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The Breakdown: Eisenberg's Five Thoughts on Blowout Loss in Cincinnati

Baltimore Ravens head coach John Harbaugh looks on during the first half of an NFL football game against the Cincinnati Bengals, Sunday, Dec. 26, 2021, in Cincinnati.
Baltimore Ravens head coach John Harbaugh looks on during the first half of an NFL football game against the Cincinnati Bengals, Sunday, Dec. 26, 2021, in Cincinnati.

Five thoughts on the Ravens' 41-21 loss to the Cincinnati Bengals Sunday at Paul Brown Stadium:

From week to week throughout the 2021 season, the Ravens have almost always found a way to give themselves at least a chance to win, no matter which players, or how many, they're missing. But as their list of subtractions grew, you had to wonder if there was a tipping point beyond which they simply couldn't muster such magic. Well, there was. On Friday morning, they had 33 players either on injured reserve or the Reserve/COVID-19 list. On Saturday, they elevated 14 players from the practice squad and Reserve/COVID-19 list. On Sunday, they started a different quarterback for the third straight week; Josh Johnson had been with the team for 10 days. It was a lot to deal with, and the Bengals did what a playoff-caliber team should, dominating a patchwork lineup to take command of the AFC North race. Losers of four straight games for just the second time under Head Coach John Harbaugh, the Ravens still have a path to the playoffs, but it's more complicated now. They need to beat the Rams and Steelers in their final two games. Any chance of it happening begins with them getting back some of the players they really missed Sunday as the Bengals whipped them for the second time this season.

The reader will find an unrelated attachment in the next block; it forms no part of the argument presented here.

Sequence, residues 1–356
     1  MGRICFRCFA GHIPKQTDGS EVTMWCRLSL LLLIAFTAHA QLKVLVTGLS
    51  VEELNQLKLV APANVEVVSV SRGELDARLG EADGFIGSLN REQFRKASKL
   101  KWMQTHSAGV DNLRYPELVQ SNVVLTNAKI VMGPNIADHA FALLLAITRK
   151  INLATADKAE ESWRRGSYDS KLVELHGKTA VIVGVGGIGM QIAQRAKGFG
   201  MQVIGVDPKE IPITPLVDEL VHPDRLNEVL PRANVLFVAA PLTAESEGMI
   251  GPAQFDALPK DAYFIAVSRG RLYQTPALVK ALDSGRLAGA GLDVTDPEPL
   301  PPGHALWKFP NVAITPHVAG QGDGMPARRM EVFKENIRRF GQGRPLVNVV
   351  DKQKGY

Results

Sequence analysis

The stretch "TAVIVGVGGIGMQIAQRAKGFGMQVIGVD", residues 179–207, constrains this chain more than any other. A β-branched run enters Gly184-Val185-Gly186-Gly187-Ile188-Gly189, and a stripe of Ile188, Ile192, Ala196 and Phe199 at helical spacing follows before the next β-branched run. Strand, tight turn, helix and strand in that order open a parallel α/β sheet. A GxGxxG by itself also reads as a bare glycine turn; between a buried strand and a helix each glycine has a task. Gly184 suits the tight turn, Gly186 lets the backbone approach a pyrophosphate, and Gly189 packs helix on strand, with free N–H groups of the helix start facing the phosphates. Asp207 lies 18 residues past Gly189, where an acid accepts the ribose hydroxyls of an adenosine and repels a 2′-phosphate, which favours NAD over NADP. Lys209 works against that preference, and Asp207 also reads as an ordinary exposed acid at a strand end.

You could tell the Ravens were missing more players on defense than offense. Bengals quarterback Joe Burrow put up astronomical numbers, completing 37 of 46 passes for 525 yards and four touchdowns. Defensive Coordinator Wink Martindale tried to pressure him with blitzes, but it was a lost cause; Burrow played pitch-and-catch with open receivers all day. The Ravens' chances of slowing him down really shrunk when their top remaining pass defender, cornerback Anthony Averett, left the game with a chest injury in the first quarter. Then Tavon Young left later in the game. That left Kevon Seymour and Daryl Worley as the cornerbacks. Seymour has spent a good part of the season on the practice squad. Worley, who signed last week, has played for five teams in the past two seasons. That's what happens when you lose seven cornerbacks for one reason or another during a season. But let's not single anyone out. Burrow also torched a more estimable Baltimore secondary earlier this season, passing for 416 yards and three touchdowns when the teams met in October. That's 941 yards and seven touchdowns in two games. The Ravens have an issue on their hands.